TecTracer Debut at the Royal Highland Show in Edinburgh. June 2018.
A revolutionary crime prevention system, initially developed to protect church roofs from lead thieves, has made its Royal Highland Show debut this weekend. (Saturday June 24)
TecTracer technology – created by York-based Trace-in-Metal – has subsequently been adapted to help in the fight against rural crime, with farmers across the North of England and Southern Scotland using it to not only mark their sheep, but also farm machinery and vehicles from criminals targeting remote areas.
Whilst Trace-in-Metal uses ballistics to fire thousands of microdots into metal sheets “marking” them with a unique identifying code, TecTracer uses raddles to ingrain thousands of coded markers into the sheep’s fleece.
Once attached to the animal’s coat, it is extremely easy to identify any sheep that has been TecTracer-marked, and which farm it originated from.
Picture Caption: Rural Crime Fightback! Pictured from left are: DI Jane Donaldson, National Rural Crime Co-ordinator, Police Scotland; John Minary, MD TecTracer; Prof Bo Janzon, Technical Director TecTracer; PC Euan Chancellor, Police Scotland; and John Barr, Police Liaison Manager, TecTracer
‘Despicable Act’ in metal theft from Grade II listed War Memorial.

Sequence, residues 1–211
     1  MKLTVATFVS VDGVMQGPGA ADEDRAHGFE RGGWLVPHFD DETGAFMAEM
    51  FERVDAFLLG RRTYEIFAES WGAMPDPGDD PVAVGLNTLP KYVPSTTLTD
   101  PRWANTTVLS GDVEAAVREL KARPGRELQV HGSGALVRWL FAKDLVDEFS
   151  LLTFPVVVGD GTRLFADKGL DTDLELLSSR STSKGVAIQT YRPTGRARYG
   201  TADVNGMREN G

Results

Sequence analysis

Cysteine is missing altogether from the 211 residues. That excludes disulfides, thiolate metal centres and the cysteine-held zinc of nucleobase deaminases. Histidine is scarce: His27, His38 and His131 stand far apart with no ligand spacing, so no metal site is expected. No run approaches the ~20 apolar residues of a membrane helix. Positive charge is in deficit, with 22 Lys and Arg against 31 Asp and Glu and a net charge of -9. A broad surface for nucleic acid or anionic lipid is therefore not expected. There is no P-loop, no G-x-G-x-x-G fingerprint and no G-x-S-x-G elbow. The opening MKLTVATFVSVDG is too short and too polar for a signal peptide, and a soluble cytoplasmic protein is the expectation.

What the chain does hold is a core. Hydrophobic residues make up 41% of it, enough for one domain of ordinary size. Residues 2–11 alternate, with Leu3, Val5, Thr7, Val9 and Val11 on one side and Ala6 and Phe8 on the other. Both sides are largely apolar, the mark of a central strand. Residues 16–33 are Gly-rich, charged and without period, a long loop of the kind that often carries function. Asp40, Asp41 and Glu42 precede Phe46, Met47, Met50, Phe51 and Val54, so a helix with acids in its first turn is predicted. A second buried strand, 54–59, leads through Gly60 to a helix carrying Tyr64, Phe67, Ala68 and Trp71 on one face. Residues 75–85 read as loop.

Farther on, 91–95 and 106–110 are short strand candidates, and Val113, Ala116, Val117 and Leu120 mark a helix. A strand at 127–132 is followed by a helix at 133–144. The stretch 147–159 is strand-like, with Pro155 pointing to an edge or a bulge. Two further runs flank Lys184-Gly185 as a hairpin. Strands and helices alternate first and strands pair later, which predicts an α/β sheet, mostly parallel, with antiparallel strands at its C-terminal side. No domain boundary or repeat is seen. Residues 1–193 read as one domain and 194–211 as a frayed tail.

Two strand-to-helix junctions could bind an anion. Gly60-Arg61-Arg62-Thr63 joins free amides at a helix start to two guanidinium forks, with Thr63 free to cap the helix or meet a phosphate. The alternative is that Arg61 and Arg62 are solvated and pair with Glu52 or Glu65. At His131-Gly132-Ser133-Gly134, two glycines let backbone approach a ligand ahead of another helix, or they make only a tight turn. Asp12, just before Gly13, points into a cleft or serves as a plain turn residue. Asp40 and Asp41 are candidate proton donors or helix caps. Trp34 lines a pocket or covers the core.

Police are appealing for witnesses and information after six engraved brass plaques were stolen from the Hardwick War Memorial in Clumber Park.
It’s believed the plaques, which contained the names of those who lost their lives during the war, were stolen between Wednesday 2 May 2018 and Friday 4 May 2018.
A Nottinghamshire Police spokesperson said: "This is a despicable offence and we'd appeal to anyone with any information to call us on 101.
"We'd also appeal directly to the offenders and ask them to search their conscience and return the plaques.
"Local residents will have relatives who were killed in action and will be deeply saddened by this selfish and mindless act."
The Grade II listed War Memorial in Hardwick Village pays tribute to Clumber Park’s fallen war heroes, 18 local men who either worked or lived on the estate and who lost their lives in times of conflict during the First and Second World Wars.
Beth Dawson, General Manager at Clumber Park, said, "The latest incident of theft at Clumber Park is particularly despicable given the nature of the target. These plaques commemorate the men who gave their lives for our country and they’ve been taken without a thought for what and who they represent.
"The plaques are estimated to be around 100-years-old and were funded by the 7th Duke of Newcastle. The theft has upset everyone at the Clumber Park very much, and we urge anyone with information to come forward. We are simply devastated that Clumber Park has again become a target after incidents earlier in the year."
Anyone with any information about the theft of the plaques is asked to contact Nottinghamshire Police on 101, quoting incident number 671 of 4 May 2018 or Crimestoppers anonymously on 0800 555 111.